And not only that, but as the Forbes’ article discusses, many of the comments are common phrases disguised as code – for example, commenting that there is a “spider on the wall” or asking for an “outfit check,” in attempt to get the person to turn around. Commenters will also demand actions in hopes of getting the person to oblige, such as, “bark” or “pedicure,” (in attempts to see the person’s feet).

Additionally, the Forbes’ article reveals that after a review of hundreds of Live streams, results consistently show “how viewers regularly use the comments to urge young girls to perform acts that appear to toe the line of child pornography rewarding those who oblige with TikTok gifts.”

Gifted Donations or Getting Paid:

As a creator, you can turn on Live Gifting while Live streaming and get awarded with 'gifts' during the Live that the Creator can then cash out afterwards.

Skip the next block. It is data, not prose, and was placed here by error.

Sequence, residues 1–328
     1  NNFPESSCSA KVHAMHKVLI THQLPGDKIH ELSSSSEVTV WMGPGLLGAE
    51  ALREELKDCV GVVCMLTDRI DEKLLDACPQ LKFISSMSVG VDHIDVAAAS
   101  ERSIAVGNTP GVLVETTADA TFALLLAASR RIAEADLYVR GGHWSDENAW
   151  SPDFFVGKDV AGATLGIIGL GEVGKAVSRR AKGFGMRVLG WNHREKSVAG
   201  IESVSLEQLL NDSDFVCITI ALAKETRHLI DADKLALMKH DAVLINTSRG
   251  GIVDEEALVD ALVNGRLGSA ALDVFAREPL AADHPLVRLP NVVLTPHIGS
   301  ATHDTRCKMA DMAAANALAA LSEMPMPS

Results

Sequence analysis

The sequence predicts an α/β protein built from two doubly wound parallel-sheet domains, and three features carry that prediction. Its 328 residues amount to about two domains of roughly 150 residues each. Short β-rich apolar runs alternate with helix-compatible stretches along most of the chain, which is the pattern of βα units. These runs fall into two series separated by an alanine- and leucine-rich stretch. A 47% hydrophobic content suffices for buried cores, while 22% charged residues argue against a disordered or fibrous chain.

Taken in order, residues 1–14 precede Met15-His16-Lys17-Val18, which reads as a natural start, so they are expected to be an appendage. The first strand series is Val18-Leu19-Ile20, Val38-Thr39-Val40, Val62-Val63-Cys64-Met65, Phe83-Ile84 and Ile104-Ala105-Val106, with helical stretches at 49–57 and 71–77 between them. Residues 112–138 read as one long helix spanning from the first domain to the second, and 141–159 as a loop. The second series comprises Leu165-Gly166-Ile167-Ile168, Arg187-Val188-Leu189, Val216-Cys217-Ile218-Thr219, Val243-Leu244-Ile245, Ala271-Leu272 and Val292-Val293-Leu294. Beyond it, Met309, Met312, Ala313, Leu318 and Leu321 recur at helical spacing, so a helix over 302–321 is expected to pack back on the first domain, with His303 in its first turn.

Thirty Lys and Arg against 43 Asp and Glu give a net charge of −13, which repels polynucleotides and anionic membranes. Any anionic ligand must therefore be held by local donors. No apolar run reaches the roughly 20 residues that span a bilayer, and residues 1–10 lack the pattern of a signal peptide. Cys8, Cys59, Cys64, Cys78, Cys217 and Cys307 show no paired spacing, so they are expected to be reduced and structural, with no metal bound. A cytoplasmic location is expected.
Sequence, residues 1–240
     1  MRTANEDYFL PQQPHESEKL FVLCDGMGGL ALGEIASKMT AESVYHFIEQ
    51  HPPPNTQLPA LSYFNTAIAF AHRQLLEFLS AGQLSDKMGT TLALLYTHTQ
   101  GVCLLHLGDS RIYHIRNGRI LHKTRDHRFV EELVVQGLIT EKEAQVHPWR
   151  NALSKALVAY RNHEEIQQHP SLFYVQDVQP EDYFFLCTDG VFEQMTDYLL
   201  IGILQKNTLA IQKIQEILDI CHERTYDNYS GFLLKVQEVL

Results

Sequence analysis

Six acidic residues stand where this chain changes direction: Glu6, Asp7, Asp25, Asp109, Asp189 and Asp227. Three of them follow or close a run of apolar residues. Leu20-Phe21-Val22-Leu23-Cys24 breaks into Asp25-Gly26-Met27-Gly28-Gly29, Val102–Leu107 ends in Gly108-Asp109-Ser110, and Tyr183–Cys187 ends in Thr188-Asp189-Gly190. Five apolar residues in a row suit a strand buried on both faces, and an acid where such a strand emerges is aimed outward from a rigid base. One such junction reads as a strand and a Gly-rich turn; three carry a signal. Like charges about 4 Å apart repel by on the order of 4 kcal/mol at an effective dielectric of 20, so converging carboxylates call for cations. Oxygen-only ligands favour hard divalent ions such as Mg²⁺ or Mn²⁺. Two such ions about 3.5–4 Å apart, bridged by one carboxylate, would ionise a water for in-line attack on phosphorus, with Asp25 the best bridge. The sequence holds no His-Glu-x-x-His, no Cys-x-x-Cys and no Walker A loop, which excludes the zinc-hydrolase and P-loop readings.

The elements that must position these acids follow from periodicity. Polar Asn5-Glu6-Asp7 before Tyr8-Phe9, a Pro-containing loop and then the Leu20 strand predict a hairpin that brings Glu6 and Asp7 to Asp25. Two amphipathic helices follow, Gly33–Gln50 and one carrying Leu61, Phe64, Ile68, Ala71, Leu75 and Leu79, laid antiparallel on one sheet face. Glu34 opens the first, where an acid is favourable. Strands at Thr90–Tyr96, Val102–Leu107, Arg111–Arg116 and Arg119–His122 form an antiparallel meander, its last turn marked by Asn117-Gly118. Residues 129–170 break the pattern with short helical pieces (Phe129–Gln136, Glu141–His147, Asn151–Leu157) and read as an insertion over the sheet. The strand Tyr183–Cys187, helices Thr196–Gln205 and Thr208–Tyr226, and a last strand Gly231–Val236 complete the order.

Note: as per TikTok’s Terms of Services, only users 18 years or older can send or receive rewards.

People viewing a Live stream can gift the Creator through coins or tokens which appear on the screen in the form of emojis or pictures of roses, hearts, flowers, and more.

Forbes’ article discusses that it’s easy to not be aware that money is being exchanged because it happens in the form of “fun pictures,” and therefore makes “what’s really going on even easier to miss or dismiss.”

And that because TikTok allows Live Gifting in the form of emojis or pictures of innocent flowers or hearts that it doesn’t necessarily click in a kid’s head that they’re being paid real money and “the parents don’t really stop and think, 'Okay, someone's paying my kid to dance. No, they're just getting little flowers and little hearts.'